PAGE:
Nathan and I Dream in French

Barbara DeCesare

Why do you carry your hat in the rain?
Chapeau, chapeau, I gave you the wrong word.
My French is terrible, but better in dreams,
especially if I?m drunk before I fall in.
We were drinking from the gutter, I gave you
Apeau—does that even mean anything?
All over the sky the accent circonflexe swarm,
a rain of scissors,
swoop down to eat chocolates out of our hands.

I saw the photos you took of the boy getting his hair cut,
I saw the shoes, the boat, the birds.

The photos and the dreams are different than Actual Paris,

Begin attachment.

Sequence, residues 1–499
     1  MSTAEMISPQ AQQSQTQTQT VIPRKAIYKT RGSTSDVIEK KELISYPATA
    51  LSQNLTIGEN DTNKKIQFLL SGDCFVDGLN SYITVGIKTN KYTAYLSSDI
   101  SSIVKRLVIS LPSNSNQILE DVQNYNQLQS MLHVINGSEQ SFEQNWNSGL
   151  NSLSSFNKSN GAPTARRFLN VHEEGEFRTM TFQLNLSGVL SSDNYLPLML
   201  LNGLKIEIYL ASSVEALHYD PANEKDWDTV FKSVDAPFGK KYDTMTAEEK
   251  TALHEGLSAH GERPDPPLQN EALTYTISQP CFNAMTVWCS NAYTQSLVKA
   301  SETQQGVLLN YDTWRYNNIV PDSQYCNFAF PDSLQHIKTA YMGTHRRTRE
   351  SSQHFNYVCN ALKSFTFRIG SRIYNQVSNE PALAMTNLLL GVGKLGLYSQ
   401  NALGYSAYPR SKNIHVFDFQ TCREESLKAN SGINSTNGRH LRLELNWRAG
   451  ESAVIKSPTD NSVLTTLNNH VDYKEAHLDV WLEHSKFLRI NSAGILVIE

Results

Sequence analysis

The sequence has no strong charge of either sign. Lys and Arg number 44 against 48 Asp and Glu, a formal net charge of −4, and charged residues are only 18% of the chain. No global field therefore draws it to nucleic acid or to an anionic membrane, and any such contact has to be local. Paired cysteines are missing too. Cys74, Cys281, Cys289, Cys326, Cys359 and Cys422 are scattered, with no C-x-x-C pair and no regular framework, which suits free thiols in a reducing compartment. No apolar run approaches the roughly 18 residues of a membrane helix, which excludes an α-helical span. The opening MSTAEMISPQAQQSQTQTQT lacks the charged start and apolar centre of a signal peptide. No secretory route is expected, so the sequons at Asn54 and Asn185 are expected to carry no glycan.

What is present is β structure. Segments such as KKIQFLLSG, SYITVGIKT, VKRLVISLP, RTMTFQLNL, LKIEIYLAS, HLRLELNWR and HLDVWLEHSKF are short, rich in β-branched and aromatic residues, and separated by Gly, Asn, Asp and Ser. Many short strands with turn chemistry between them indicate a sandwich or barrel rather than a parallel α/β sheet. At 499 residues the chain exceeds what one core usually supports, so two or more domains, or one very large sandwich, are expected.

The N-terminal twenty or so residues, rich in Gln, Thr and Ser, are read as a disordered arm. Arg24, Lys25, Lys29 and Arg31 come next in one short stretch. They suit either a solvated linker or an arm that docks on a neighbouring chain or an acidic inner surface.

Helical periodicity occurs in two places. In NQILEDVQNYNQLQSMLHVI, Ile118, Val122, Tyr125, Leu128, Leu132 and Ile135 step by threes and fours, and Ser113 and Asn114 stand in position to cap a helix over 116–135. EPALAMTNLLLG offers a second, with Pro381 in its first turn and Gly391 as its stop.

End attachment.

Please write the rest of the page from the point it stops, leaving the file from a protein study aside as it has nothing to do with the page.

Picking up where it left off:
where I meet you and
you take me to the apartment,
tell me your petite chou is due soon,
try to remember the name you wanted to give your daughter, but
Je suis fatigue. J'oublie. We are drunk.

That night, we forget the word for ice in separate dreams:
I am skidding in the car and you are asking a nurse
Avez-vous quelque chose pour transformée l'eau en neige?
before and after.
This was supposed to be a dream, Nate,
but who understands you here? You can't even get ice
for your wife who's crying:
Elle est morte. Elle est morte.
Wake up! Wake up!
Pourquoi tu porte le chapeau sous la pluie?

 

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